When Should You Start Receiving Social Security Benefits?

Many people take Social Security benefits as soon as they are eligible to begin receiving them, which for many Americans is age 62. But just because you can begin receiving Social Security benefits doesn’t mean you should take them right away. For example, you can often increase your Social Security payments by delaying when you receive them. Here are a few things to think about concerning when to begin receiving Social Security Benefits.

When Should You Take Social Security Benefits?

When Should You Take Social Security BenefitsDelaying when you take Social Security Benefits can result in higher payments. In general, you can begin receiving Social Security Benefits at age 62, but in many cases, it’s worth delaying your start date for receiving Social Security payments if possible. This is because the Social Security Administration uses a sliding scale based on the year of your birth to determine your “normal” retirement age and the amount of money you will receive. Taking Social Security Benefits at age 62 may cause you to only be eligible to receive a partial payment.

Social Security normal age of retirement

Until 2002, the “normal retirement age” for everyone was at the age of 65. According to the Social Security Administration, the “normal retirement age” is the age a which beneficiaries receive full Social Security Benefits. The list below shows the “normal retirement age” based on the year you were born.

  • 1937 or earlier – 65 years of age
  • 1938 – 65 and 2 months
  • 1939 – 65 and 4 months
  • 1940 – 65 and 6 months
  • 1941 – 65 and 8 months
  • 1942- 65 and 10 months
  • 1943-1954 – 66 years of age
  • 1955 – 66 and 2 months
  • 1956 – 66 and 4 months
  • 1957 – 66 and 6 months
  • 1958 – 66 and 8 months
  • 1959 – 66 and 10 months
  • 1960 or later – 67 years of age

Taking benefits early can reduce Social Security payments

You will receive reduced benefits if you decide to take Social Security benefits before the time of your normal retirement age. The total amount is reduced by five-ninths of 1% for each month you are under your normal retirement age, up to 36 months. If you are to receive benefits and you start more than 36 months before retirement age, your benefits will be further reduced by an amount of five-twelfths of 1% a month. Here is more information about age reduction of Social Security Benefits.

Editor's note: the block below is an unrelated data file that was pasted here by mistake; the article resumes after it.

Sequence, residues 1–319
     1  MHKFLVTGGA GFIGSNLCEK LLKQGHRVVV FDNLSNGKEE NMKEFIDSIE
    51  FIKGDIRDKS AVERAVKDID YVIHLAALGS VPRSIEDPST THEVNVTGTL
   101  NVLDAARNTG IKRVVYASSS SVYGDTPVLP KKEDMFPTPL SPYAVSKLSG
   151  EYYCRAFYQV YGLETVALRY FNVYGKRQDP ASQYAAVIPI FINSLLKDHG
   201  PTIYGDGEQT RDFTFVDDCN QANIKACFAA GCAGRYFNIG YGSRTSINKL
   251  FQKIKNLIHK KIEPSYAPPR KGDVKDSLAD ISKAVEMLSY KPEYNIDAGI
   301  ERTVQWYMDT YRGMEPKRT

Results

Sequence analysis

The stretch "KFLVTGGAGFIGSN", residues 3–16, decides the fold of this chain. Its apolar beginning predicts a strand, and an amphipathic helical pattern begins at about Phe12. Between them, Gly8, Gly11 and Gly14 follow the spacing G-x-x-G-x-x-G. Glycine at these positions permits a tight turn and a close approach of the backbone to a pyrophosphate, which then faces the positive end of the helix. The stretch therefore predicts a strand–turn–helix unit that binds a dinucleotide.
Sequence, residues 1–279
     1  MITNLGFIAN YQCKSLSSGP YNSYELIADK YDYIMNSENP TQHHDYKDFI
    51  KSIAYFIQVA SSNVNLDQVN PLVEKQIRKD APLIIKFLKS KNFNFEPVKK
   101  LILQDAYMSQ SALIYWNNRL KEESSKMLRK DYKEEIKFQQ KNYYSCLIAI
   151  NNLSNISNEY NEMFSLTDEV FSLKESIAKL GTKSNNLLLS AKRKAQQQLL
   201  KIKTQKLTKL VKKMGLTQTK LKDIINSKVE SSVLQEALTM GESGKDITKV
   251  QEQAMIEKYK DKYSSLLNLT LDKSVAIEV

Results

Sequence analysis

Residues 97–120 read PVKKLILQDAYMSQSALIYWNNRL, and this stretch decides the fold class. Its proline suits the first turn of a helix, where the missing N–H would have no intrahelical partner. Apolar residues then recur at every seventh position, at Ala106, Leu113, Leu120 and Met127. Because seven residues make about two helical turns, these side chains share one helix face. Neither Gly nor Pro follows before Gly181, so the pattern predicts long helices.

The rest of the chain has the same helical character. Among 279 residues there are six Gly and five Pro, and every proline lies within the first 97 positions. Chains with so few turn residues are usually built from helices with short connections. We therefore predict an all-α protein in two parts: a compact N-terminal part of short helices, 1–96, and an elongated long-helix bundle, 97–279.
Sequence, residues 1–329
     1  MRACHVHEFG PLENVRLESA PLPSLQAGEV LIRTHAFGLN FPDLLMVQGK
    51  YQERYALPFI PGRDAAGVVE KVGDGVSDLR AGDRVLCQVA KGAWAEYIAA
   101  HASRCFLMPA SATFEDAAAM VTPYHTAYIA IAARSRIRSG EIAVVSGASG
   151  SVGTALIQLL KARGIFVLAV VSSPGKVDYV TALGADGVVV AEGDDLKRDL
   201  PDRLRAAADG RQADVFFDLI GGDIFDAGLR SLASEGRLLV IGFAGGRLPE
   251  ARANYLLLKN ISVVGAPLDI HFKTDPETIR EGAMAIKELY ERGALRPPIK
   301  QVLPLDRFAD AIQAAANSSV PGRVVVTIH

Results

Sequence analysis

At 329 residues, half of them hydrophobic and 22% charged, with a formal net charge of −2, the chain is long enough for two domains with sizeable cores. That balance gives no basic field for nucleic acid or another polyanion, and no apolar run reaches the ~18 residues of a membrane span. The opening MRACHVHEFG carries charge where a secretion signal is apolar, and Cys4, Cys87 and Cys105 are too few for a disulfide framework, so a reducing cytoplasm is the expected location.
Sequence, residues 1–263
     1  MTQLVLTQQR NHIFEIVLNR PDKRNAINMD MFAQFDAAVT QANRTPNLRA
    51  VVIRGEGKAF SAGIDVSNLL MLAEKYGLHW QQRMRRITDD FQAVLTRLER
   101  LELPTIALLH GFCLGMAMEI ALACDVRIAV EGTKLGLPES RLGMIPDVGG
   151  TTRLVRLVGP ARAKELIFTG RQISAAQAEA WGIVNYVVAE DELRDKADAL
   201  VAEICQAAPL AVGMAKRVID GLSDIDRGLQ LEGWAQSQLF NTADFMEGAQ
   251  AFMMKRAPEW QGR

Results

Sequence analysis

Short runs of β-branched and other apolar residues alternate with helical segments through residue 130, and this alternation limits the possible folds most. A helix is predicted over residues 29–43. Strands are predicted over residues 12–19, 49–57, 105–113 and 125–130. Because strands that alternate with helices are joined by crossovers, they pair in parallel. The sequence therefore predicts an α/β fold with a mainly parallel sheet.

Good things come to those who wait

In general terms, you can increase Social Security benefits by waiting a few years to begin receiving them. If you accept your benefits after reaching your normal retirement age, you’ll get the full amount due to you with no reduction. You can even get additional Social Security credits be delaying your benefits start date after your normal retirement age. You will receive an additional percentage on your monthly Social Security check with each month you delay until you reach age 70.

Note: Military members who served between the years of 1940 and 2001 may receive additional Social Security credits for military service. You can read more about this benefit in this article: How Military Service Affects Your Social Security Benefits.

Considerations before you take Social Security Benefits

If you are unsure of where you stand with benefit amounts, you can contact the Social Security Administration to request a copy of a current statement of benefits. Your individualized statement will include pay outs for benefits taken at age 62, at your normal age of retirement, and at the age of 70. Statements are mailed annually but additional copies can be requested.

You’ll need to assess your own financial situation to determine your need and time frame for benefits. If you have the means to support yourself, wait as long as you can to request benefits. If you are still working, understand that your benefits may be reduced if you take them before your retirement age. For every $2 you earn in above the annual allowance, you will lose $1 in benefits. At the normal retirement age, you will lose $1 for each $3 you earn above a higher limit for income earned before the month you reach your retirement age.

If you can not live without the additional funds even before reaching your normal age of retirement, you should consider taking the reduced benefit payments to stay on track financially. The decision should be based on your needs, the age of your spouse, and even your life expectancy based on your present medical situation and family history.

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Date published: November 22, 2010. Last updated: August 9, 2012.

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Ryan Guina is the founder and editor of this site. He is a writer, small business owner, and entrepreneur. He served over 6 years on active duty in the USAF and is currently serving in the IL Air National Guard. He also writes about money management, small business, and career topics at Cash Money Life. You can also see his profile on Google.


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